Political technology is still so new that some consultants can’t even agree on how it fits into the future of campaigns. Stuart Stevens, the former top strategist for Mitt Romney, wrote an essay recently arguing for more investment in campaign technology, while at the same time disputing its supremacy.

President Obama “didn’t win because he won the Facebook wars; he won the Facebook wars because he was winning,” Stevens wrote in the Washington Post. But in its recently-released report on how to move the party forward tactically, the Republican National Committee struck a far different tone. A commitment to technology across all areas of the party is critical, and Republicans shouldn’t be afraid to look to Silicon Valley to find it, the report concluded: “The RNC should strive to establish working relationships and open lines of communication with thought leaders in Silicon Valley to ensure the Party is at the forefront of new developments and trends in digital technology. The Party can and should play an important role in building bridges between its digital operatives and the best minds in the Valley and elsewhere.”

Steve Adler is among those who are skeptical the party’s internal culture can change. Along with Mark Sullivan, Adler was one of the inventors of the Voter Activation Network (VAN) in 2001. He sold his half of the company, which has since merged with NGP, in 2005. Five years later he founded rVotes and started trolling for clients after his non-compete clause expired. He says the big fish in Washington just won’t bite.

“I don’t want to sound insulting to the right, because they are my clients these days, or they’re intended clients, but they are so, so behind,” Adler says. “They don’t even know the stick that is beating them about the face.”

For data on the Republican side there’s Data Trust and Voter Vault, which is mostly derided as useless by consultants on the right. It only serves to underscore the need to build a more permanent data infrastructure. On the Democratic side, NGP VAN operates as a party-approved fundraising and voter database for Democrats. Catalist is another data player on the left. Then there are the nonpartisan data firms like NationBuilder, Political Data, Inc., Intermarkets, Labels & Lists and Aristotle.

In all cases, political data firms are marrying public data available through secretaries of state offices with other public records such as hunting or fishing licenses (it’s illegal to profit solely from the public voter database). In the case of partisan data firms, they’re able to add some much needed extra spice from the party’s internal records and the work campaigns do on the ground.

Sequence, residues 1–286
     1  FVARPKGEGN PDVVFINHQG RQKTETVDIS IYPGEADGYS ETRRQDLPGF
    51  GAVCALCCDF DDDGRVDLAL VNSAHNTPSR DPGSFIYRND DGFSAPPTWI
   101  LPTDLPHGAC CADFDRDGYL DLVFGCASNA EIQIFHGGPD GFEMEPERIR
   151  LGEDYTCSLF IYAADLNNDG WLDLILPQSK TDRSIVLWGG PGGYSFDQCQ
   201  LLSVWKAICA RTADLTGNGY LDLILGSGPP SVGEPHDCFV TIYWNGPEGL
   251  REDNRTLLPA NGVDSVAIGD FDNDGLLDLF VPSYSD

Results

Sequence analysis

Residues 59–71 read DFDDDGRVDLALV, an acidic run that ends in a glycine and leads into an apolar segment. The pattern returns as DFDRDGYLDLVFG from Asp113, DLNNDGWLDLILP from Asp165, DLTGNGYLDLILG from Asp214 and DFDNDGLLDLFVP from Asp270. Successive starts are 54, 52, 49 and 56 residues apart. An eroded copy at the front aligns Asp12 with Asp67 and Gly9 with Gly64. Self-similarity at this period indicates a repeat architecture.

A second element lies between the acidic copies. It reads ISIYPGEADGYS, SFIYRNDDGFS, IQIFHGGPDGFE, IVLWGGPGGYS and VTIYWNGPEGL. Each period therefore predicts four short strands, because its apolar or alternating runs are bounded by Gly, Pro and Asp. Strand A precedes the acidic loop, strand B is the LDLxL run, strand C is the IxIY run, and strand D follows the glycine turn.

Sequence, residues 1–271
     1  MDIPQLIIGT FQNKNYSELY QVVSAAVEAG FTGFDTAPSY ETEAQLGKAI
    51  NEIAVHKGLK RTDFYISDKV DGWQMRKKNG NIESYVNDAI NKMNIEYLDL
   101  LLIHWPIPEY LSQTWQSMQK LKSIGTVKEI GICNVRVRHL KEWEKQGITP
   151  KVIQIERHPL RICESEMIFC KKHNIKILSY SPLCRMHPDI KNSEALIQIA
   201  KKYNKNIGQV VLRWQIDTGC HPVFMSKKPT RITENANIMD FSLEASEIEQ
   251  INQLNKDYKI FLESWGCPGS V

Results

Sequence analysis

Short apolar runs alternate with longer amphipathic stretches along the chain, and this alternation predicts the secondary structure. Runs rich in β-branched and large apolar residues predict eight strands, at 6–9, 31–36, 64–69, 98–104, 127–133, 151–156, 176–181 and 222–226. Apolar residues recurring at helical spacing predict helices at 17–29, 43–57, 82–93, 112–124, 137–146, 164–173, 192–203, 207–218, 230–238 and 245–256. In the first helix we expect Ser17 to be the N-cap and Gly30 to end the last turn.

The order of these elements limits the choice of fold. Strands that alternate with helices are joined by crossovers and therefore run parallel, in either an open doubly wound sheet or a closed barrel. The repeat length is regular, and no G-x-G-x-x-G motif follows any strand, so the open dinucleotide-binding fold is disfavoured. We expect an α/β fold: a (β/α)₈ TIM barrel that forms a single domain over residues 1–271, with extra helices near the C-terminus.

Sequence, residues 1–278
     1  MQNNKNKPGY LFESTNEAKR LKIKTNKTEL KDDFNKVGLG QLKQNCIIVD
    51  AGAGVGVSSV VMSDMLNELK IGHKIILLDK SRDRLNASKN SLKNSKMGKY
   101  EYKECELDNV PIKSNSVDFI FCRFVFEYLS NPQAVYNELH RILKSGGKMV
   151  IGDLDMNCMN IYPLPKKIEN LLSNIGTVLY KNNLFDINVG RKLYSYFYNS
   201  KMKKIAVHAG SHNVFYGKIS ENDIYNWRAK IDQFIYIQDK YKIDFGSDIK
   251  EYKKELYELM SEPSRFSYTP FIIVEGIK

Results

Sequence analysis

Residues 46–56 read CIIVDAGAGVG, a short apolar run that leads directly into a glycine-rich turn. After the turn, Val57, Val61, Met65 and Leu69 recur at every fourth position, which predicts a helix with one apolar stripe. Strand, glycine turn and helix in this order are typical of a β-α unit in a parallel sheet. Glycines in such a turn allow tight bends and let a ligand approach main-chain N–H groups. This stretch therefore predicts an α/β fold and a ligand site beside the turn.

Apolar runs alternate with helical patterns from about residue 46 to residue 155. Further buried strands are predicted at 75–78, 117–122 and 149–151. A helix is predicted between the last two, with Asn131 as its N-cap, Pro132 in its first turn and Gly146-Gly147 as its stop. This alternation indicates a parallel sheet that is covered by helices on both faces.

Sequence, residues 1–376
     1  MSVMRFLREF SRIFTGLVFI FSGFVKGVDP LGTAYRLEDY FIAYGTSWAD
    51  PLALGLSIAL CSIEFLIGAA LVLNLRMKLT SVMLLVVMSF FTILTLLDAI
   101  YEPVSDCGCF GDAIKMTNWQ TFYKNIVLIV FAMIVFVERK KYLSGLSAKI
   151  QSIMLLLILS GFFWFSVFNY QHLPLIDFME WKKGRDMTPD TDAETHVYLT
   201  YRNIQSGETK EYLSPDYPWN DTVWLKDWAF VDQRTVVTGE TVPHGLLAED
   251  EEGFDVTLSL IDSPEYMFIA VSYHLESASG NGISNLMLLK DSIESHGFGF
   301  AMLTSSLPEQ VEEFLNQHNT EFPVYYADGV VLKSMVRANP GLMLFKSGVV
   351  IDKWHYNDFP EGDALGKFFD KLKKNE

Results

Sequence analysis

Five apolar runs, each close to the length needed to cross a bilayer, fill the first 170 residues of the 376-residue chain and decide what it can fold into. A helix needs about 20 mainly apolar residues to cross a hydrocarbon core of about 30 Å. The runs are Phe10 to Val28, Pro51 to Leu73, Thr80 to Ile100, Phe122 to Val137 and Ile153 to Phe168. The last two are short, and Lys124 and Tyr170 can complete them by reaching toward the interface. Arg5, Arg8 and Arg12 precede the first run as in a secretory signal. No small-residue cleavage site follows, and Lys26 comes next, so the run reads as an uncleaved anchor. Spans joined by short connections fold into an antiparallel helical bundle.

For Adler, partisan data is the way to go because it gives a campaign access to the collective resources of the party. “Here’s an analogy,” Adler says. “You’ve got two tribes in some country fighting with sticks and stones. If you give handguns to both sides, now you’ve equaled the playing field and it’s as if they all had sticks and stones. What good is it to say, ‘Hey, I just got this new handgun from NationBuilder,’ knowing your opponent on the other side of the aisle has just got the exact same handgun? It doesn’t really give you an advantage.”

Adler says he’s always wanted to play both sides. He originally wanted VAN to be nonpartisan, in fact, but Sullivan, a good Democrat, talked him out of that idea.

“This is going to be a weapon of war,” Adler recalls Sullivan telling him, “and you can’t sell the same nukes to the Russians and the Americans.”

NGP VAN’s technology is credited with helping Obama defeat Mitt Romney in 2012, but Adler says he’s not getting barred from the GOP honey pot because of his past party affiliation. “I was simply apolitical, I’m a computer guy, they know that,” he says. “The reason that the right has been so standoffish, I think, is because of the incredible iron grip that their consultants have on the data market as it exists on the right, and the fear that rVotes will revolutionize and potentially put them out of business.”

Aristotle’s John Phillips views the partisan technology and data market as nothing more than a bunch of insiders throwing business to their friends. Winning, he says, is about nonpartisan data. “When you go into the marketplace, if you’re a candidate, you can decide to purchase a product based on quality or you can base it on partisanship. You can’t do both.” he says. “Anybody that says you can have both isn’t being straight with the customer.”

Some candidates choose nonpartisan firms because they’re shut out of the partisan data market, either by price or party bosses. Phillips is quick to put out the welcome mat for them. “Our customers buy our data without asking for a permission slip from the Republican or Democratic National Committee,” he says.